Gun control is all the rage nationwide in the aftermath of the Sandy Hook mass shooting. Even today there was another shooting at a California school. Politically, the left looks poised to go after guns with new, stringent gun control laws while the right is arguing fervently against them. Meanwhile, guns are flying off shelves across the country, as millions seek to exercise a right that might be in jeopardy—or at least more difficult to exercise.
New York, Illinois, and other states’ officials have already announced their intent to pursue greater gun control. The president even tabbed Vice President Biden to head a task force to reduce gun violence. Earlier this week, Biden said President Obama is willing to act through executive order if necessary, a statement that has drawn fire from the right for its questionable constitutionality.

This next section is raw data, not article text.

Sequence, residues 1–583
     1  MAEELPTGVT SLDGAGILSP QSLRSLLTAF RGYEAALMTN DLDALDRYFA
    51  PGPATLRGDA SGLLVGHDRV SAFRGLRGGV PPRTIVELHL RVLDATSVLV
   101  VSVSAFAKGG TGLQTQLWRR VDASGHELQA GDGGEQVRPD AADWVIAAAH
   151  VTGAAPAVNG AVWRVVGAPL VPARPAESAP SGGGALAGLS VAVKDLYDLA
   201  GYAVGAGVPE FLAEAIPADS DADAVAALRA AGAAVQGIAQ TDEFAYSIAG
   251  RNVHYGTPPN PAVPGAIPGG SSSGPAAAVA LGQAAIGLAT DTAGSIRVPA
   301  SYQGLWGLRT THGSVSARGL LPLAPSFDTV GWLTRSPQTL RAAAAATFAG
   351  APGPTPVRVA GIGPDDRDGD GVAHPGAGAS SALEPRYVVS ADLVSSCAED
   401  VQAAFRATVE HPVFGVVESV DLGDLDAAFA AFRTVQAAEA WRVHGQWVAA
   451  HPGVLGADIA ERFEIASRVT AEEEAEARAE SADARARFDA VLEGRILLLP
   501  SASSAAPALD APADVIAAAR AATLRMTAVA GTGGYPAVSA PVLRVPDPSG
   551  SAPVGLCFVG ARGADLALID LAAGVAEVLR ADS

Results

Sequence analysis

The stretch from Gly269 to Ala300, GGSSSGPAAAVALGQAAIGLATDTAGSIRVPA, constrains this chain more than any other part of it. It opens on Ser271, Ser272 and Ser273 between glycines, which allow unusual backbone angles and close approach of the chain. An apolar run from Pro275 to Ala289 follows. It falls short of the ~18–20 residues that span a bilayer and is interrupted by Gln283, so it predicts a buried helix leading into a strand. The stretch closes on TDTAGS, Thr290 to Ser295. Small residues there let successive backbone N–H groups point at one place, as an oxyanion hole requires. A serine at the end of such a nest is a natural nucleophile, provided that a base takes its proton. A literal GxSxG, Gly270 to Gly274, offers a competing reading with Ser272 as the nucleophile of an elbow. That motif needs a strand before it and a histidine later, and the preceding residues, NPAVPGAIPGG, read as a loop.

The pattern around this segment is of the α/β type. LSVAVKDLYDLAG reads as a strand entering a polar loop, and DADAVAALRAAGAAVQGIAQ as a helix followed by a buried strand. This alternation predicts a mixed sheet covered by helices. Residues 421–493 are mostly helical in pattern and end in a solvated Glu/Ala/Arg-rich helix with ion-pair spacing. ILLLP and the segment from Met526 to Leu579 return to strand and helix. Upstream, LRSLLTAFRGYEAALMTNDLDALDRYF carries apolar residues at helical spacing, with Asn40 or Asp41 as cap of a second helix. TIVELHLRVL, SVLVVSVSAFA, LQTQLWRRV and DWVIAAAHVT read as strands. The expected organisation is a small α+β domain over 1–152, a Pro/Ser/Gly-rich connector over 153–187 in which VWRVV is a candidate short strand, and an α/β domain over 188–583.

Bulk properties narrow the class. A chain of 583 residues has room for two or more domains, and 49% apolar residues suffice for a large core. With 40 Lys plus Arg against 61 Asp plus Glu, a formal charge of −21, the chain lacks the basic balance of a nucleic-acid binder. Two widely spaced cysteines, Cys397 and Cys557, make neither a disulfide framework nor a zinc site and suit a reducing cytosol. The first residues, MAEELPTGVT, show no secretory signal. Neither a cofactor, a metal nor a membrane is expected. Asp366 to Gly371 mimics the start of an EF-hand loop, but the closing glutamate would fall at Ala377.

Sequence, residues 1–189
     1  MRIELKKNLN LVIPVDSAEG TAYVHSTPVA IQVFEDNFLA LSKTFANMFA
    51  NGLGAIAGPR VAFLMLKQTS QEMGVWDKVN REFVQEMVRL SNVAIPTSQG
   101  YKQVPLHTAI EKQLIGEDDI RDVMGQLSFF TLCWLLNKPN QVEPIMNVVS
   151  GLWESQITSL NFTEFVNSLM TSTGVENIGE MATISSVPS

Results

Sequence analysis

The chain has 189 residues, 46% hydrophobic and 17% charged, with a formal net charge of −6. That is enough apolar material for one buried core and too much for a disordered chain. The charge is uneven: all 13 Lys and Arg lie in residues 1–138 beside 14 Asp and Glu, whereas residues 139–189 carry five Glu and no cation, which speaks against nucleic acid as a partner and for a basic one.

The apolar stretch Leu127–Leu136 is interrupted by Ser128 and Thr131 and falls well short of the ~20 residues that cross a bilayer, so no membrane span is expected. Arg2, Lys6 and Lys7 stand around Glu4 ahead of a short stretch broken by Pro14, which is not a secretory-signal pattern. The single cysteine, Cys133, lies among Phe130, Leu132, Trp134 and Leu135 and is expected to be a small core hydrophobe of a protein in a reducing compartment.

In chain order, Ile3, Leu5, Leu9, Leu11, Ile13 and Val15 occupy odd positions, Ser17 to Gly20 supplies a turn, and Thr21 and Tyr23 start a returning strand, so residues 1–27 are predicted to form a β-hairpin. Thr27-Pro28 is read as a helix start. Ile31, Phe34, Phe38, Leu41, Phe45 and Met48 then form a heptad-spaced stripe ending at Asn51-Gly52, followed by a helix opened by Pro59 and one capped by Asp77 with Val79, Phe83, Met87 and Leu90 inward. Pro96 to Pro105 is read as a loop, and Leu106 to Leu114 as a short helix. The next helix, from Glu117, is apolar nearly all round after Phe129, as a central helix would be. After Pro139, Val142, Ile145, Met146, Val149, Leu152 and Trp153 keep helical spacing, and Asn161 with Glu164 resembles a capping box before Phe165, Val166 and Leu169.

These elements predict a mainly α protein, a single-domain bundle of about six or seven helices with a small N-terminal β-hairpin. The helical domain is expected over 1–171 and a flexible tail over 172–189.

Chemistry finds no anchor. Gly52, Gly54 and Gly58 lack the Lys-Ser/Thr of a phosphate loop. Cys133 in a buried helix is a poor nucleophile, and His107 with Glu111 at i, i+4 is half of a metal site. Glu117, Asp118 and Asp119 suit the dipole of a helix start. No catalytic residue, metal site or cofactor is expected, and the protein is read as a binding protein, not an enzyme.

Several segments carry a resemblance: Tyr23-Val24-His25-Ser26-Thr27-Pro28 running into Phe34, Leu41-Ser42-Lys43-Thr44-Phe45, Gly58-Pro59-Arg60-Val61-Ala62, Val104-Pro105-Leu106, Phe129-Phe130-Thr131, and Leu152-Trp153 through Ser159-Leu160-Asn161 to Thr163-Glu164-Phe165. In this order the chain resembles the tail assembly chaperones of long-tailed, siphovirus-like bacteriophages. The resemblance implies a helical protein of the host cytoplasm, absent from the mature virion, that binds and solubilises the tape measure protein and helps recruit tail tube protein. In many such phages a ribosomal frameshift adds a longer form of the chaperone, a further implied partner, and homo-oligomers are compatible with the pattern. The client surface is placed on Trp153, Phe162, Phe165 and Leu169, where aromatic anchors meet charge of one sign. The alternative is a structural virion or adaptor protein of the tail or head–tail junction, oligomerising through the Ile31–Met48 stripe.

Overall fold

Conversely, right-leaning states are taking the opposite approach. One county sheriff—in Maricopa County, Arizona—wants to put armed security guards at schools.
In Ohio, Governor John Kasich signed a pro-gun law in December, just weeks after Sandy Hook. The Buckeye Firearms Association offered discounts to teachers wishing to take concealed carry courses. In fact, Springboro City Schools is mulling the idea to allow teachers to pack in the classroom.
So once again, another contentious issue is causing the poles to widen. New York Governor Andrew Cuomo exuberantly presented his proposal in a press conference on Wednesday. Alex Jones went bananas on CNN to host Piers Morgan, a vocal gun control advocate.
Well-intentioned, the left appears to be narrowly focused on access to guns, themselves, largely by restricting allowable weapons and making them harder to acquire. And for law-abiding citizens, at that. Meanwhile, the right is focused on maintaining a constitutional right they see as under assault. With the president willing to expend much political capital on this issue, the current gun control debate could have lasting political consequences for whoever wins.